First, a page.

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Great Wall of Moline

This is Roald Tweet on Rock Island.

Folks around Rock Island don't take much stock in the Seven Wonders of the Ancient World. None of those wonders did any work. The pyramids in Egypt and the Colossus of Rhodes merely took up space.

Like other Americans, Rock Islanders are partial to machines that get things done. One of our Midwesterners from nearby Galesburg, Illinois, was invited to design a structure to rival the Eiffel Tower for the 1893 World's Fair in Chicago. His invention still bears his name: the Ferris Wheel. The spidery steel web-work resembled the Eifel Tower, except that the Ferris Wheel did something.

No, our hero is Mark Twain's Connecticut Yankee who hooked a bowing hermit up to power a sewing machine and got 18 shirts a day out of him.

Which brings me to the Great Wall of Moline, one of our own seven wonders. The Great Wall was a joint venture between the City of Moline and the new Rock Island Arsenal under construction on the island. The Government erected a power dam across the south channel of the Mississippi between Moline and the island. From this dam upstream, they constructed a 2,400-foot lateral dam along the Moline waterfront. Completed in 1872, this Great Wall of Moline contained 56 sluice gates, each a source of waterpower for the factories that were already making Moline the farm implement capitol of the world. More than one factory could operate from the power of each gate. In addition, power from the wall and the dam was transmitted mechanically to the ten great shops of the Arsenal on the island through a unique system of wheels and cables set on a series of towers, like an erector set.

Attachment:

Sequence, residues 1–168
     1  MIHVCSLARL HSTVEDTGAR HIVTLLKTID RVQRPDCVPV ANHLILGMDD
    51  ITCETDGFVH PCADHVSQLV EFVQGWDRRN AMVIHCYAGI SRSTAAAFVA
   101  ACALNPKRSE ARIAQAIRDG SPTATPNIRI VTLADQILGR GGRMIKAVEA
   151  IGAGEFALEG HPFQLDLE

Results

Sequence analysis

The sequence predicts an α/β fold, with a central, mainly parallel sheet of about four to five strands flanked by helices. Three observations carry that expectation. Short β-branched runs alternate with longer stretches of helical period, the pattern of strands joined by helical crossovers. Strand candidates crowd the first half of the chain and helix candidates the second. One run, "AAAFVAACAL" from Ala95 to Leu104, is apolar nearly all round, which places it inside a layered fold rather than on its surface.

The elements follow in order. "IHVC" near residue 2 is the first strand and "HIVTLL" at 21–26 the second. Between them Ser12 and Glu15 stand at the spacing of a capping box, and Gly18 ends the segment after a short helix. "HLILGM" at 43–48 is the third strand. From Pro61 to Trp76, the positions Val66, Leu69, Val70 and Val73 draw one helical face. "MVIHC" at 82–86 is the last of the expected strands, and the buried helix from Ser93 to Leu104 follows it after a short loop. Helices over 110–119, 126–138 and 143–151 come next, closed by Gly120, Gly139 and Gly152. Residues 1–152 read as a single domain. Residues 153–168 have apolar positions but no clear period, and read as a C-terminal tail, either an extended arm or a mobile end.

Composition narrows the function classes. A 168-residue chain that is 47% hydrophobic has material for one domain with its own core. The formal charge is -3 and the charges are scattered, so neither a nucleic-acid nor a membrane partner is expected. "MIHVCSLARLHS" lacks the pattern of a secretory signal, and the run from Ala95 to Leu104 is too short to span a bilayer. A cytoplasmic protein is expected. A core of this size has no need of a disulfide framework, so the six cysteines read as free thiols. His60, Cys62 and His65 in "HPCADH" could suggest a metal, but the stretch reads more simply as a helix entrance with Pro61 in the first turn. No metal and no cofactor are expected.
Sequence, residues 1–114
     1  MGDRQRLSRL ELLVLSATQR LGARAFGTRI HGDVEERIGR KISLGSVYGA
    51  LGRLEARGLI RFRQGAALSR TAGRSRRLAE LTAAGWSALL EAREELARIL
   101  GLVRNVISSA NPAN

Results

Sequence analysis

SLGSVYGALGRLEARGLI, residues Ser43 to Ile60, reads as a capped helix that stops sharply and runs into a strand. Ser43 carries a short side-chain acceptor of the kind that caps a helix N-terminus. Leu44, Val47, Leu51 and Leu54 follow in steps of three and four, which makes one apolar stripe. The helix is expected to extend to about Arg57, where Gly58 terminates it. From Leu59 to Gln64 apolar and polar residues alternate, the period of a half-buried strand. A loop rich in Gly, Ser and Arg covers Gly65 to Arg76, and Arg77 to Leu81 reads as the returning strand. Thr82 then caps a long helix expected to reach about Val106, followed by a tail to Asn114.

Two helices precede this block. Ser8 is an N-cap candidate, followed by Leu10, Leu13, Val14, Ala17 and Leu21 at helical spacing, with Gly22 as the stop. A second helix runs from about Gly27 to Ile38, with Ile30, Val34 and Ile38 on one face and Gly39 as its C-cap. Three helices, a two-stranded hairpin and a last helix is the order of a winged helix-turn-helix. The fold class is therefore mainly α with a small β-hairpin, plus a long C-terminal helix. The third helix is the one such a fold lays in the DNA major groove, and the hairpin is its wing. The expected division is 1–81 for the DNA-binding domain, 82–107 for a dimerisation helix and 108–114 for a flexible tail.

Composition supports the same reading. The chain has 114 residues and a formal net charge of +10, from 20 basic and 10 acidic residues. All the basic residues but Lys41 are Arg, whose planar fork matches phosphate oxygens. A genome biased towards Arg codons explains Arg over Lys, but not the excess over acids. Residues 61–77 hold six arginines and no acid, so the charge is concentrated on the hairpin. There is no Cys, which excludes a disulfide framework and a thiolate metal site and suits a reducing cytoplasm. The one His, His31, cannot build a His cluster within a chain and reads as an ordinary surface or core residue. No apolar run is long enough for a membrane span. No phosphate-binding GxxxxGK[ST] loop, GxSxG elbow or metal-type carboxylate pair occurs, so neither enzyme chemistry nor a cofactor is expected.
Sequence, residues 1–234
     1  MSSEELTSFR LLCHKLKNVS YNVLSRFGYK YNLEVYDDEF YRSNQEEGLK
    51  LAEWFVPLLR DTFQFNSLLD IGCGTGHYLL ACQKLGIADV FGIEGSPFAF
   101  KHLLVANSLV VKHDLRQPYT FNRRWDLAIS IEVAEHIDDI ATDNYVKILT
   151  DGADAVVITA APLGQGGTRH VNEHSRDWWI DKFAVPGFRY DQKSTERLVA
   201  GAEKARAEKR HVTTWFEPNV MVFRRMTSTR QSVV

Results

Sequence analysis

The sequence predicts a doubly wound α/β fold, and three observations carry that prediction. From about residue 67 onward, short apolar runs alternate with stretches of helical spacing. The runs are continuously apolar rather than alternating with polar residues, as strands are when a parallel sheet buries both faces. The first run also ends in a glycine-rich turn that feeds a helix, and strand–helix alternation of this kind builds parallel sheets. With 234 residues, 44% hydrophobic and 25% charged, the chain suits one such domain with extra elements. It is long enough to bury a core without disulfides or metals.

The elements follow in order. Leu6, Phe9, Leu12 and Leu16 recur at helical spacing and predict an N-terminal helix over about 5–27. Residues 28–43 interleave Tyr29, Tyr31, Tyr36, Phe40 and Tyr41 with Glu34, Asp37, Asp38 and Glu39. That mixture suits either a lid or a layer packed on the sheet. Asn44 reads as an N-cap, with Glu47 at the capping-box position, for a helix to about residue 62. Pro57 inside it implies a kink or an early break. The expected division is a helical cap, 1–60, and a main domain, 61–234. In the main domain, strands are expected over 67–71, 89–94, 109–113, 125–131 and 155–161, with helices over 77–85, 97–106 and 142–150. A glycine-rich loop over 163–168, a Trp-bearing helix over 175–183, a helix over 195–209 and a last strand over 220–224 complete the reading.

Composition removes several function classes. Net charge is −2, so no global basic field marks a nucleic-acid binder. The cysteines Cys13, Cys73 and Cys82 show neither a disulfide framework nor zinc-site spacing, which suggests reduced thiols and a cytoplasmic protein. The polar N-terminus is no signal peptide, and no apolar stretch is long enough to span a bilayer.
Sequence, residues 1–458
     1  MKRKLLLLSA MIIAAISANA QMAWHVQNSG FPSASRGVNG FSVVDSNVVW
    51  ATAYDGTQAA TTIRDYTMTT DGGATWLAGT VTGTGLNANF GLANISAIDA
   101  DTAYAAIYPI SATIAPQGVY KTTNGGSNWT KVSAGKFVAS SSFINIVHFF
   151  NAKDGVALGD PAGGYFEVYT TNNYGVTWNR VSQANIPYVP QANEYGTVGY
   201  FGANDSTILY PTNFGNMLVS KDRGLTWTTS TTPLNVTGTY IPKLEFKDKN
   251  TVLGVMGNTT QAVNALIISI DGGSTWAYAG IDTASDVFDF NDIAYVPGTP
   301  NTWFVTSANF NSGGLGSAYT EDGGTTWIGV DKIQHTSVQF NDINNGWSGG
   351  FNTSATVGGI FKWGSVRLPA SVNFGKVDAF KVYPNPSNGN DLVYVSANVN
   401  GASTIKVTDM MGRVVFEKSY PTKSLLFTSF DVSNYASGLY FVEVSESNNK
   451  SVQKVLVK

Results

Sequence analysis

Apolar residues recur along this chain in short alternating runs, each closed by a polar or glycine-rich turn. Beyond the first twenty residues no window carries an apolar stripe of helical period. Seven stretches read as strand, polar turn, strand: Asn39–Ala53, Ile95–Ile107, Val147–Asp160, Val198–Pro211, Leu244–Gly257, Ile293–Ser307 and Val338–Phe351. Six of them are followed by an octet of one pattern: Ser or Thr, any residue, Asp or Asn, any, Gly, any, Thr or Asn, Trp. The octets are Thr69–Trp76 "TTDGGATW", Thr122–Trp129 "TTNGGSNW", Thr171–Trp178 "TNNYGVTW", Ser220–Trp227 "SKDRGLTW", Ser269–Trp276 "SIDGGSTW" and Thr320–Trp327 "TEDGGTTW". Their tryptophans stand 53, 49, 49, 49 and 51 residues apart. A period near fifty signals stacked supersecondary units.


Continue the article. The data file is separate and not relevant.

The Great Wall of Moline supplied enough power for the Arsenal and the whole of Moline until 1899, when electricity arrived. Today, it lies underneath fill Moline used to expand its waterfront.

Though it's gone, I think you'll agree that our own Great Wall of Moline far outshone that earlier one in China. The Great Wall of Moline worked.

Rock Island Lines with Roald Tweet is underwritten by Augustana College, Rock Island, Illinois.

Beginning 1995, historian and folklorist Dr. Roald Tweet spun his stories of the Mississippi Valley to a devoted audience on WVIK. Dr. Tweet published three books as well as numerous literary articles and recorded segments of "Rock Island Lines." His inspiration was that "kidney-shaped limestone island plunked down in the middle of the Mississippi River," a logical site for a storyteller like Dr. Tweet.